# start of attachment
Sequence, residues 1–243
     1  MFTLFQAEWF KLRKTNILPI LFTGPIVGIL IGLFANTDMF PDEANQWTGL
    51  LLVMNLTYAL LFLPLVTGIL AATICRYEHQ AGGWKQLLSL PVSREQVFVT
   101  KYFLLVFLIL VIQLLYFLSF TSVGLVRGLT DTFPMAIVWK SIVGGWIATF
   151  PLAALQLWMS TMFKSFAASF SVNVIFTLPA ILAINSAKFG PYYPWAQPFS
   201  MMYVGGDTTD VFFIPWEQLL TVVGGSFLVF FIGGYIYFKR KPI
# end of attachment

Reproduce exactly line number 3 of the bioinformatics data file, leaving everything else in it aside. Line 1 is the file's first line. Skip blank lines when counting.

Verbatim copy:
    51  LLVMNLTYAL LFLPLVTGIL AATICRYEHQ AGGWKQLLSL PVSREQVFVT